Continued SEC/FINRA “Complex” Product Concerns: Will Good Regulatory Harvest Arrive?

Carlton Fields

Carlton Fields

Like farmers uncertain about what crop to plant, the SEC and FINRA continue to cast about for ways to enhance their regulatory framework for “complex” products, particularly with regard to retail investor understanding. The regulators have been hampered by, among other things, the lack of any clear and consistent definition of what products should be regarded as “complex” for purposes of any such regulatory initiative.

In October 2021, the SEC approved rule changes by Cboe BZX Exchange Inc. to list and trade two complex exchange-traded products (ETPs). The next week, SEC Chair Gary Gensler issued a statement on complex ETPs in which he called for additional rulemaking to strengthen the investor protections around those products.

For their part, SEC Commissioners Allison Herren Lee and Caroline Crenshaw issued a joint statement about the approval of the complex ETPs, noting, “[W]e want to be clear that the Commission is not expressing a view as to these products’ suitability, either as a general matter or with respect to any specific investor.”

As the SEC staff studies ways to enhance regulation of ETPs, FINRA has solicited comment on ways to enhance regulation of complex products and options. On March 8, 2022, FINRA issued Regulatory Notice 22-08 soliciting comment on:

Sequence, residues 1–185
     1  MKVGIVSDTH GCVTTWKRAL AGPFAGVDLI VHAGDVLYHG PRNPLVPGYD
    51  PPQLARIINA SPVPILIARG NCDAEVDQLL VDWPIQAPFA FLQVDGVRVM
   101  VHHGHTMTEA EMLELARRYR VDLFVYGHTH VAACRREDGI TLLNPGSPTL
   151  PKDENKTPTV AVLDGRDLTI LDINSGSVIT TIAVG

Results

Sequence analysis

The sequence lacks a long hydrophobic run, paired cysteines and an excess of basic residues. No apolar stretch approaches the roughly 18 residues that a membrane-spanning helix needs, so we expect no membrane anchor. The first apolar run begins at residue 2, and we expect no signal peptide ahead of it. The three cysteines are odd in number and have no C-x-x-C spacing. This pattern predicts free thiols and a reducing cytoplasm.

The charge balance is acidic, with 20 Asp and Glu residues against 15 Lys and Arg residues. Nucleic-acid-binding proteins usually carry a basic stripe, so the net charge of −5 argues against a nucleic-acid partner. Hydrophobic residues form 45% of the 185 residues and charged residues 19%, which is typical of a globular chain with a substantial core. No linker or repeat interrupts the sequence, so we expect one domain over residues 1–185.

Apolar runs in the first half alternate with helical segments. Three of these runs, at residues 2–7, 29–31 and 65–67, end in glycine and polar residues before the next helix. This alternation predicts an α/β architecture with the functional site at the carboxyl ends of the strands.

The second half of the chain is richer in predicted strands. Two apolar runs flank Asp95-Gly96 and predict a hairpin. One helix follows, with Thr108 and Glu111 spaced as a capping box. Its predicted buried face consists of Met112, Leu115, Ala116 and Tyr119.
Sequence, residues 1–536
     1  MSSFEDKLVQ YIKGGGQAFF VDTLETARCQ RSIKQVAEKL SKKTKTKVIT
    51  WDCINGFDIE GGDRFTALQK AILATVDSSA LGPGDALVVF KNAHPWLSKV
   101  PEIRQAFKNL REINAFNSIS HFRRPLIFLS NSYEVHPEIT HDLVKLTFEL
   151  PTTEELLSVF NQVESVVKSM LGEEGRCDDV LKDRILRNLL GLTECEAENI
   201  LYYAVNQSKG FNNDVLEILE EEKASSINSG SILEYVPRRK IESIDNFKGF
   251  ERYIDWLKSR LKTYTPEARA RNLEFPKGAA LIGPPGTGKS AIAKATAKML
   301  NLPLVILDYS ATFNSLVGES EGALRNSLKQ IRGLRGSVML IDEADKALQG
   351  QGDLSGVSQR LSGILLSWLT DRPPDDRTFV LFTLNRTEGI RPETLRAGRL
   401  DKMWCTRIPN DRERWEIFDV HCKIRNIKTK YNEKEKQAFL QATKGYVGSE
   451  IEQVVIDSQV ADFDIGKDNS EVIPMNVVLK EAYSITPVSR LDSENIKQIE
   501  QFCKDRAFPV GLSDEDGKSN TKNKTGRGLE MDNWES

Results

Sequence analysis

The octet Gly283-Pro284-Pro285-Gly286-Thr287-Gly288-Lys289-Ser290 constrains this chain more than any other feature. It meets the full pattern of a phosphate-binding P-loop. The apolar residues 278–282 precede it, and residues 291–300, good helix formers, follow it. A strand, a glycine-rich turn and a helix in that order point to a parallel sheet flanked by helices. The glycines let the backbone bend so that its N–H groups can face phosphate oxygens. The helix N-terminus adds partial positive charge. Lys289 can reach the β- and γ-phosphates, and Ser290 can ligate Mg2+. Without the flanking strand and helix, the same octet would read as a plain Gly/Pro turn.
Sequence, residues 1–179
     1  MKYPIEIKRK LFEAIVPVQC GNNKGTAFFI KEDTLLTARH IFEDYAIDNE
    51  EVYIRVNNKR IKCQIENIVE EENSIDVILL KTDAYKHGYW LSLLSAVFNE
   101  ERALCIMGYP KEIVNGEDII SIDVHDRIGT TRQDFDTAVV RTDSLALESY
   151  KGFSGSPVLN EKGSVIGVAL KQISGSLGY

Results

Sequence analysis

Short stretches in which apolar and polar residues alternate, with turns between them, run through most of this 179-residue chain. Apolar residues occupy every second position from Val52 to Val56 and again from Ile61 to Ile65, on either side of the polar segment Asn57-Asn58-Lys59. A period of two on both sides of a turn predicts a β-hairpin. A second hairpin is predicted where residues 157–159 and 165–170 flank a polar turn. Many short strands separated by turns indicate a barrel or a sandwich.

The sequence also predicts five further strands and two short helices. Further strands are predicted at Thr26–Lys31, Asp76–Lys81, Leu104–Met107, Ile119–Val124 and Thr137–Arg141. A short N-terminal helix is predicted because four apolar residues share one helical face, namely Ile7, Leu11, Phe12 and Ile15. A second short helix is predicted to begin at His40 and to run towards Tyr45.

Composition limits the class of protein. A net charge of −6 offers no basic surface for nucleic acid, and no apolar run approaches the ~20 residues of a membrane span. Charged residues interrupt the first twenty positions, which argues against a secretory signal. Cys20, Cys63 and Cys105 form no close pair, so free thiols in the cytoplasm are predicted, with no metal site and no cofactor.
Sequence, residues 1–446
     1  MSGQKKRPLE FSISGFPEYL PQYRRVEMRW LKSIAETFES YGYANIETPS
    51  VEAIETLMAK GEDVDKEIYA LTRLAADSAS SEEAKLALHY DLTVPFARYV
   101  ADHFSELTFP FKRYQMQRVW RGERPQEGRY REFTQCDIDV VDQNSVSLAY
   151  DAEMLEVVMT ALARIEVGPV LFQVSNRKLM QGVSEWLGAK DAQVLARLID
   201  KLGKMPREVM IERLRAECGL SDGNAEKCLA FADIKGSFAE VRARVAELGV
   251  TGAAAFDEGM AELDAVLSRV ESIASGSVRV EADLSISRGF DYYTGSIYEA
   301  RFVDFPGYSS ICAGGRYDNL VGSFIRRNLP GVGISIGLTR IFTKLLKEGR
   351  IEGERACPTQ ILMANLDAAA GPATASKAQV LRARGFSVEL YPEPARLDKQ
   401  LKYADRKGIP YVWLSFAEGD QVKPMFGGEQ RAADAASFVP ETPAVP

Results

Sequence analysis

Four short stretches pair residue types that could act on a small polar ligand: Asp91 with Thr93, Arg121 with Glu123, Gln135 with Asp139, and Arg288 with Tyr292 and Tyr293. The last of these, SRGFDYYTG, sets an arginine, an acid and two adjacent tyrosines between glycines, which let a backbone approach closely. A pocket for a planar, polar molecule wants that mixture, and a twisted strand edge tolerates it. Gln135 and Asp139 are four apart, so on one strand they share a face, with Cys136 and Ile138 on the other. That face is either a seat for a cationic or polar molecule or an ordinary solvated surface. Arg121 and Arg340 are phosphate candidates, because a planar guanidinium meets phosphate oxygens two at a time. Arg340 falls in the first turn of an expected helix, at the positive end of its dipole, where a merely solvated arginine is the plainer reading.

• Effective practices that firms have developed for complex products and options; and
  • Whether the current regulatory framework is sufficient to address current concerns raised by complex products and options.

Ten years ago, FINRA issued guidance on heightened supervision of complex products and identified examples of complex products, including certain asset-backed securities, products with an embedded derivative component, leveraged and inverse ETFs, and certain structured notes, among others. Variable insurance products were not mentioned in the 2012 guidance.

FINRA expands the examples of complex products in Regulatory Notice 22-08 to include defined outcome ETFs, mutual funds and ETFs that offer strategies employing cryptocurrency futures, and interval funds that provide limited liquidity to investors, among others. Variable insurance products are not included as examples.

But in its release adopting Regulation Best Interest, the SEC gave examples of complex products that included variable insurance products and leveraged and inverse ETFs. And in 2004, when the NASD (now FINRA) sought to impose sales practice standards and supervisory requirements on variable annuity transactions, the NASD referred to variable annuities as “complex investment instruments.”

In its March 8 solicitation of comments on effective complex product regulation, FINRA addresses its product-specific rules relating to variable insurance products as examples of how FINRA rules deal with specific products, particularly variable product rules identifying factors to consider when making recommendations, restrictions on non-cash compensation, and content standards for variable product communications. Query whether FINRA will adopt a similar regulatory approach for ETPs and other identified complex products. The comment period ended on May 9, 2022.

DISCLAIMER: Because of the generality of this update, the information provided herein may not be applicable in all situations and should not be acted upon without specific legal advice based on particular situations.

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